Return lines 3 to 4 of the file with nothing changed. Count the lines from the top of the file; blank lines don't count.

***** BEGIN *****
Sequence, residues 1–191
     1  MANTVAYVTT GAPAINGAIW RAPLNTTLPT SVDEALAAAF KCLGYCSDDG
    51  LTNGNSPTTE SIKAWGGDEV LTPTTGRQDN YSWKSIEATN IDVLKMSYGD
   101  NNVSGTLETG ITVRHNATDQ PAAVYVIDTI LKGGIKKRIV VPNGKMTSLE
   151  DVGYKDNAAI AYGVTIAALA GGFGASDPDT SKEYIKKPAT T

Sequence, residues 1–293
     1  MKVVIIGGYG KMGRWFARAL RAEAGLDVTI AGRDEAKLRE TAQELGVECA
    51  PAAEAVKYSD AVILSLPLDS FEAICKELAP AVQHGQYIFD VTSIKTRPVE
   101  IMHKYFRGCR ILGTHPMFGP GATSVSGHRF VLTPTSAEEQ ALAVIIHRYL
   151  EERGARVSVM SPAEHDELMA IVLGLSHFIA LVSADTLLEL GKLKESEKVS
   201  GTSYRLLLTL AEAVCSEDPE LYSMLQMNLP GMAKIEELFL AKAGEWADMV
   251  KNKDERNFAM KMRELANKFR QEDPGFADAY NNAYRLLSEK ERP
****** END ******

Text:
    51  LTNGNSPTTE SIKAWGGDEV LTPTTGRQDN YSWKSIEATN IDVLKMSYGD
   101  NNVSGTLETG ITVRHNATDQ PAAVYVIDTI LKGGIKKRIV VPNGKMTSLE